This month marks the 40th anniversary of Roe v. Wade, the famed and widely cited case that legalized abortion. Yet across the country, states are continuing to approve restrictions.
With little fanfare, Virginia and Michigan Republican governors recently signed new abortion bills into law. Virginia's Bob McDonnell, in particular, quietly approved clinic regulations adopted by the state's Board of Health three months ago that hold abortion clinics to the same building standards as hospitals.
President Obama's choice of John Brennan to lead the CIA appears to be less controversial than his decision to nominate former Sen. Chuck Hagel as secretary of defense.
The top Republican on the House intelligence committee, Rep. Mike Rogers, said in a statement Monday that he looks forward to working with Brennan at the CIA. Still, the Brennan nomination will raise questions about Obama's national security policy.
As Afghan President Hamid Karzai comes to Washington to meet with President Obama and other U.S. officials this week, there is renewed discussion in Afghanistan about the possibility of a negotiated end to the country's war.
Recent talks hosted by France have rekindled hopes for some sort of reconciliation between the Taliban and Karzai's government. But given the decades of war in Afghanistan, many think the prospect of a peace deal remains nothing but talk.
Many teenagers are living half their lives on social media sites, and they're writing the rules as they go. One online trend 16-year-old Temitayo Fagbenle finds disturbing is something she calls "slut shaming" — using photos and videos to turn a girl's private life inside out. Temitayo reported this story as part of the Radio Rookies program at member station WNYC.
The news that disgraced cyclist Lance Armstrong might be willing to confess to the doping charges he spent years denying has reopened interest in his case — and in the question of whether his lifetime ban from competitive sports could be eased in exchange for Armstrong's cooperation.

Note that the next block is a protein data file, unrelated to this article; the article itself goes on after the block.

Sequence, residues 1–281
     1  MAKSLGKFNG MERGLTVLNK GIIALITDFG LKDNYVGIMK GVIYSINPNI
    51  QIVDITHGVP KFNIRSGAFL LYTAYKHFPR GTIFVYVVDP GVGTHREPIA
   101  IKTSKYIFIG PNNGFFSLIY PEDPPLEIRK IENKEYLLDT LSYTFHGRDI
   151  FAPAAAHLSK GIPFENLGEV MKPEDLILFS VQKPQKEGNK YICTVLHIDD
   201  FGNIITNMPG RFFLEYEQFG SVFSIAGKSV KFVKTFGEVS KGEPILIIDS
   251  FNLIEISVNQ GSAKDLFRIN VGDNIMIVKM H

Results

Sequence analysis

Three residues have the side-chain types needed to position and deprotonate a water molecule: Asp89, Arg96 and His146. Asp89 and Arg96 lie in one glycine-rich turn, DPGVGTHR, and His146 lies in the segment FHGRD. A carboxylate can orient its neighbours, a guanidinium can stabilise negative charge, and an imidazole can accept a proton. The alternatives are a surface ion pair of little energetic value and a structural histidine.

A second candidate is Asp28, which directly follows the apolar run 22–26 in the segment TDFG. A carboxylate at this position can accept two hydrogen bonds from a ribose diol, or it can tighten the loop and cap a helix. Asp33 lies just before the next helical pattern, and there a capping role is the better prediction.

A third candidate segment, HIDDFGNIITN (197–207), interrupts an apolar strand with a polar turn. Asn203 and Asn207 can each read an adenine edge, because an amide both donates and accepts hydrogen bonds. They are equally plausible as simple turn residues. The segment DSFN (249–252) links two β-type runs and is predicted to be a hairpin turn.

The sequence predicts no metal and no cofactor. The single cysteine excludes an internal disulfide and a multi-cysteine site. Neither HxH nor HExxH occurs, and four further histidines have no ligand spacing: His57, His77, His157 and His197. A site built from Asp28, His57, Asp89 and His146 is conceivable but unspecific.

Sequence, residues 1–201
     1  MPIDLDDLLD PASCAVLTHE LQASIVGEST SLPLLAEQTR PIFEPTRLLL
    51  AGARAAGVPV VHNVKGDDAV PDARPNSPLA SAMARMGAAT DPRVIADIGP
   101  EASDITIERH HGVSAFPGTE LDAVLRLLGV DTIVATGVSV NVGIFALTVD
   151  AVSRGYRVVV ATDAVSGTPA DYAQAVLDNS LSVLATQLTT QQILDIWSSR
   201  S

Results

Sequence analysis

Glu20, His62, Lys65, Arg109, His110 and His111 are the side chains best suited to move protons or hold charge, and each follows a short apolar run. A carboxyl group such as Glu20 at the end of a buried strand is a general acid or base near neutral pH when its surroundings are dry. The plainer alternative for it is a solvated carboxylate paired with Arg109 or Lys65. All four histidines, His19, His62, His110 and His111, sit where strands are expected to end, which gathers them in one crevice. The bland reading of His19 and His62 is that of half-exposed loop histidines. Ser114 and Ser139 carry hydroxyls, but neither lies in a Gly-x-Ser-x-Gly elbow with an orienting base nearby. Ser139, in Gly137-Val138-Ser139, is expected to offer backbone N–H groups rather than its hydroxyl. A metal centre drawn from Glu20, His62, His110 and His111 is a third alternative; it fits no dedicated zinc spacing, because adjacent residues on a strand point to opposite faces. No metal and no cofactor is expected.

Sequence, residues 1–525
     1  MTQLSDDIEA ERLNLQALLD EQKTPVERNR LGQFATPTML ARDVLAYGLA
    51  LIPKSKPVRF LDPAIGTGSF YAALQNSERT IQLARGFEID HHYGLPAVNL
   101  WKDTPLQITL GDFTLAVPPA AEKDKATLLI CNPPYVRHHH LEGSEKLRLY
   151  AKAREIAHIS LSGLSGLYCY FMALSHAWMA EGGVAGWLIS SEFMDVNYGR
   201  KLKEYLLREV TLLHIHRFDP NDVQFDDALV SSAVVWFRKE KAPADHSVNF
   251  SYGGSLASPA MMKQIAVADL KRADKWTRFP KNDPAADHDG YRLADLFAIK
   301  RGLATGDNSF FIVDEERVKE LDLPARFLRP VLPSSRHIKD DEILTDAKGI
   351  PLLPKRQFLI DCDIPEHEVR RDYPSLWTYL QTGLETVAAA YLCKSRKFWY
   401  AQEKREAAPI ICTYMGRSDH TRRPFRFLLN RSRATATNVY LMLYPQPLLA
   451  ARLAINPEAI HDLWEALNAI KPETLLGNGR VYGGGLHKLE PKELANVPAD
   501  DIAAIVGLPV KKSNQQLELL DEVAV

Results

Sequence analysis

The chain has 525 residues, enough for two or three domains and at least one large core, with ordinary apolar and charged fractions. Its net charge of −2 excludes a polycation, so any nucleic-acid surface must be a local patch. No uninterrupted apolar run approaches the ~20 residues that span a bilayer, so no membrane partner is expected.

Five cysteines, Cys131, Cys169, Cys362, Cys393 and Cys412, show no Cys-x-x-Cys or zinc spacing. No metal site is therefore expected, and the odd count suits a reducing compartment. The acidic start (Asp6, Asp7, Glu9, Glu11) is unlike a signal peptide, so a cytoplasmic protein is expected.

China has indicated that it will stop handing down sentences to its controversial labor camps, which allow detention without trial for up to four years. According to Chinese media, some 160,000 prisoners were held in "re-education centers" at the end of 2008.
Critics of the system greeted the announcement — which was slim on details — with cautious optimism.
Pressure to change the system has been mounting after a number of high-profile cases, including that of Ren Jianyu, who had been a young village official.
With elections in Italy just weeks away, polls show leftist parties with a comfortable lead. Yet attention is focused on the battle between the former prime minister, Silvio Berlusconi, and the current prime minister, Mario Monti, an austere technocrat.
Monti's platform calls for continued austerity, budget cutting and labor reforms.
While Berlusconi and Monti are the two big names in next month's race, the expected winner is the leader of the leftist Democratic Party, Pier Luigi Bersani.
Moments after a deadly attack that turned an Aurora, Colo., movie theater into a scene of panic and tragedy, the police officer who found suspect James Holmes at first took him for a fellow police officer, due to the body armor Holmes was wearing.
But he noticed that Holmes was "just standing there" and had no sense of urgency — despite the pandemonium at the theater, as people continued to stream out.
"You scratch my back, and I'll scratch yours" is an old and cherished maxim of our republic. In politics, that's called an earmark, aka pork. One member of Congress gets a road or a monument for his or her state in exchange for a vote on the bill in question.
Congress has lived on this since the era of stovepipe hats. The political vogue lately, however, has been to repudiate those earmarks. But with the recent gridlock in Washington, the feeling is that perhaps some of that grease might help ease things.